Bayside has been going strong in the punk rock scene ever since it emerged from Queens 14 years ago. The band has just released its new album Cult and kicked off its headlining tour.
Staff writer Marcela Guimaraes talks to bassist Nick Ghanbarian about the new album, what it’s like being a band for this long, and his DJing.
DIVERSIONS: So let’s talk about Cult , the latest album. What kind of things were you guys inspired by in this album and how does it differ from Bayside’s previous stuff?
NICK GHANBARIAN: I don’t think that we necessarily have any musical inspiration. I think that we keep doing what we’ve done before. We’re always going to sound like we do. We’re never going to take any left turns musically or lyrically or anything like that. So I don’t know, inspiration wise we just kind of wanted to be ourselves and give our fans another album of songs to listen to and for us to play a bunch of it live, that’s really it. We’re just so happy with how our 14 years of being a band has gone and we just want to keep it going.
There’s not necessarily any different musical inspiration or motivation. Things are going well and we just want to keep moving forward have our fans always be happy with the music we put out.
DIVE: You guys just kicked off the Great American Cult tour. What’s it like playing these sold out shows?
NG: We’re really happy, it’s our first time headlining on our own for like, I guess it’s been at least four or five years at this point. We did a lot of co-headlining on our last album and been supporting other bands so this is our first time since 2009 that we’ve actually headlined on our own. We’re overwhelmed with positivity. More than half of the shows have been sold out and even the ones that haven’t there’s still a couple hundred people. For instance, Denver sold like 900 people out of 1,100 people. So it’s still a ton of people, which is great. The positivity for older songs and newer songs, it’s just really great and we’re in really high spirits.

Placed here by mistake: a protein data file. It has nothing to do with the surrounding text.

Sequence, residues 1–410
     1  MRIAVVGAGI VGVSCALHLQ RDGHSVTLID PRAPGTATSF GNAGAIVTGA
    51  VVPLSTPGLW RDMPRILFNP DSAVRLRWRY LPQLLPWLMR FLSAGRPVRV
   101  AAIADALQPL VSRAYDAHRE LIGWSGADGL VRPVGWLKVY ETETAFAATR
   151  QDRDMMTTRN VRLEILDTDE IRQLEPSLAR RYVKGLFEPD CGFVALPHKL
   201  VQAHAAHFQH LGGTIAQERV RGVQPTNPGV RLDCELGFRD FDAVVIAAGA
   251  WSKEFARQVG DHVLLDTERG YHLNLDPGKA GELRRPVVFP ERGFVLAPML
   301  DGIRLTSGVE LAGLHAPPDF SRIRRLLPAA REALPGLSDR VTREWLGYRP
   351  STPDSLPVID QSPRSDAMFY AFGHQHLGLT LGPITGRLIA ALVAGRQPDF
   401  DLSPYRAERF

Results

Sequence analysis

It’s such a great feeling to be a band for this long and still feel like you’re growing and all the work that we put in, whether it’s touring or writing or whatever it is, it just seems like all the hard work pays off and it just seems like we’re as successful as ever.
DIVE: I’ve read that you DJ as well, is that right?
NG: I try to, I’m very stubborn with it. I don’t do like dance music or anything. I’m very stubborn that I just want to play like punk rock, alternative and indie, which isn’t the most popular form of music to try to DJ. I wasn’t able to do anything on this tour but when I’m home in Long Island, I basically just throw a party where I play music.
I wish there were something else to call it besides DJing because I don’t want to offend any actual DJs out there. It’s just something fun to have a bunch of people at a bar partying to music you want to hear.
I don’t know a lot of people who go to bars where hip hop or dance music is playing, I know people who go to bars and put money into a jukebox and listen to rock’ n’ roll. I just kind of want that atmosphere.